A Lesson from the Trees

Recently while traveling I looked from my car window out into a noble orchard adjacent to the track where our train was waiting. There were many fine trees laden with fruit, and two, standing side by side, especially attracted my attention. Every branch of one was covered with red ripe apples, while the other, springing from the same soil, watered by the same beneficent showers, and gladdened by the same warm sunshine, had spindling, crooked branches, with scant and imperfect foliage, and no fruit whatever.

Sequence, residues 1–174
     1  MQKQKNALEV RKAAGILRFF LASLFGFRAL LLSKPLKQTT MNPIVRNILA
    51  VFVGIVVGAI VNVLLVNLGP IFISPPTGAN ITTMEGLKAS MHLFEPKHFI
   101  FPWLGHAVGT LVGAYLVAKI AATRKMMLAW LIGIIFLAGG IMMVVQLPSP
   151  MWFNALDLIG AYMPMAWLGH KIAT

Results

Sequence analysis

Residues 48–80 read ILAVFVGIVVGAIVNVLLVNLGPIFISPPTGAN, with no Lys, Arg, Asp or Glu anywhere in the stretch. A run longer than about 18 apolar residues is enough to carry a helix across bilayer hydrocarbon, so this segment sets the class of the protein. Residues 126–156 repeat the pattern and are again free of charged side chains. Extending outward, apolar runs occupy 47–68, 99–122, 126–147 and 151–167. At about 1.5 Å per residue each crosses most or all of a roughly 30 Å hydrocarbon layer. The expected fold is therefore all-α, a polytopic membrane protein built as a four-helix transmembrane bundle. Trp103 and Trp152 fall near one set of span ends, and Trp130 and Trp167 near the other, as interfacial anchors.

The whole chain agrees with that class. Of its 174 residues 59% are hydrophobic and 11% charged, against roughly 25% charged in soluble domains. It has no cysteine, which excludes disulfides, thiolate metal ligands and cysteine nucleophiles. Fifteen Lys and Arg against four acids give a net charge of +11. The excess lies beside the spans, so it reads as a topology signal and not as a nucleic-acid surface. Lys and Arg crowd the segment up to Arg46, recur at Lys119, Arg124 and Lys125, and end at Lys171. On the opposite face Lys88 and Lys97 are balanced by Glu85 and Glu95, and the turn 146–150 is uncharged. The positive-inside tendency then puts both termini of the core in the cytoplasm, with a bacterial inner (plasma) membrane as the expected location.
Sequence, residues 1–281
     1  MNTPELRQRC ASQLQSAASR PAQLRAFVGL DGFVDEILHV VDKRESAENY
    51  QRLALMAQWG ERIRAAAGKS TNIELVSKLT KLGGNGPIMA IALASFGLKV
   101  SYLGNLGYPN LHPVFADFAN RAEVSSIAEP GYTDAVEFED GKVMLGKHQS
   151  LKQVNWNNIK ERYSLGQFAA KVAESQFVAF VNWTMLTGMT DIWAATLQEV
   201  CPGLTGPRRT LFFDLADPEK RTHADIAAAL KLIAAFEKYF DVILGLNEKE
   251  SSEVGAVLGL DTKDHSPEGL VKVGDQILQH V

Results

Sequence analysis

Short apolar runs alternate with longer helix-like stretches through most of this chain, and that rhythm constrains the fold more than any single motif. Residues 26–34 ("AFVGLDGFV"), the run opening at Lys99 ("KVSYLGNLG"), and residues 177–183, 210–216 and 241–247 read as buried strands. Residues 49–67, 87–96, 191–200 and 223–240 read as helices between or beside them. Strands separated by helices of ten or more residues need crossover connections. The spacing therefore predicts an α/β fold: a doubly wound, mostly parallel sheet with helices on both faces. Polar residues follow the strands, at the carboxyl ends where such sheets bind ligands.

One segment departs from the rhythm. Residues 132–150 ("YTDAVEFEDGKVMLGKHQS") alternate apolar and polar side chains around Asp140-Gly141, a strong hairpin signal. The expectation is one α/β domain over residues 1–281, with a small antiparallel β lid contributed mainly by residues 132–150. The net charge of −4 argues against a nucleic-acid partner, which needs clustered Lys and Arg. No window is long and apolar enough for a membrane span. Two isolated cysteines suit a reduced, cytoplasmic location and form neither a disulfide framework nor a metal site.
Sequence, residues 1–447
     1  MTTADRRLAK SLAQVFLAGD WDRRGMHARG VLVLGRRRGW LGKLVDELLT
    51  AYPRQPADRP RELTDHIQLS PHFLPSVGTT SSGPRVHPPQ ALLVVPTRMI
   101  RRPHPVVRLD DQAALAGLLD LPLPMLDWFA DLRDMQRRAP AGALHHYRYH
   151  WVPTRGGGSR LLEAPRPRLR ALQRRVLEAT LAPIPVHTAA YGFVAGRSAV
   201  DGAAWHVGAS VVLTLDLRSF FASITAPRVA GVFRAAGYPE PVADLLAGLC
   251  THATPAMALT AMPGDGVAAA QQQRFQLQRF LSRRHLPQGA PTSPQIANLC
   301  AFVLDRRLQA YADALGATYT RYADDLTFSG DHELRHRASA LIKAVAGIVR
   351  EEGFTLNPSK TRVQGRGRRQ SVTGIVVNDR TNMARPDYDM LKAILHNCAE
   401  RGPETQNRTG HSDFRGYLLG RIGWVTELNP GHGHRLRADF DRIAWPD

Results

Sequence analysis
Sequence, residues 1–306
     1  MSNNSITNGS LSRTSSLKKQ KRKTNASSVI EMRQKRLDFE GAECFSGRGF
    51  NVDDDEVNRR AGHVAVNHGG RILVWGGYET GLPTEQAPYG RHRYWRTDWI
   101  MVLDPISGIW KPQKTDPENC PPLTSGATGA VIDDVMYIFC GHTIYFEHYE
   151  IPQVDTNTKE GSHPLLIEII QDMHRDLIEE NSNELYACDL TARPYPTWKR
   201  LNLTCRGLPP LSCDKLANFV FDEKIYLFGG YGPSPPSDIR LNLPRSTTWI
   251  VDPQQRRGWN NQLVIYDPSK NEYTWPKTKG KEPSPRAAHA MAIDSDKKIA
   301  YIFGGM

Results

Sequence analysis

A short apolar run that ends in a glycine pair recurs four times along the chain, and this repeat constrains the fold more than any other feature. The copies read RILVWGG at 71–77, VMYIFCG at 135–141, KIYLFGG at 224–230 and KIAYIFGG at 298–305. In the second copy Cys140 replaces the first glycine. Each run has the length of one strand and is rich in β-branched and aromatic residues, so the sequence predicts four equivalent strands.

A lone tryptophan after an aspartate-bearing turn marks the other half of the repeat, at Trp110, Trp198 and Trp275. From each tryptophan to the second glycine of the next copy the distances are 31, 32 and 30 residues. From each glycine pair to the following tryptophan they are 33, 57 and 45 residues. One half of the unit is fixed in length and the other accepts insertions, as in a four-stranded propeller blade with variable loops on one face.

On looking closely, I noticed that on one side of this tree there was a large hole, and within were evidences of decay and death. The whole heart of the tree was rotted, and the trunk, being thus lifeless and impoverished, had little life-giving nourishment for the branches, and therefore they neither blossomed nor bore fruit. Soon, as I thought, the husbandman will be coming, and will say. "Behold, these three years I come seeking fruit ... and find none: cut it down; why cumbereth it the ground."

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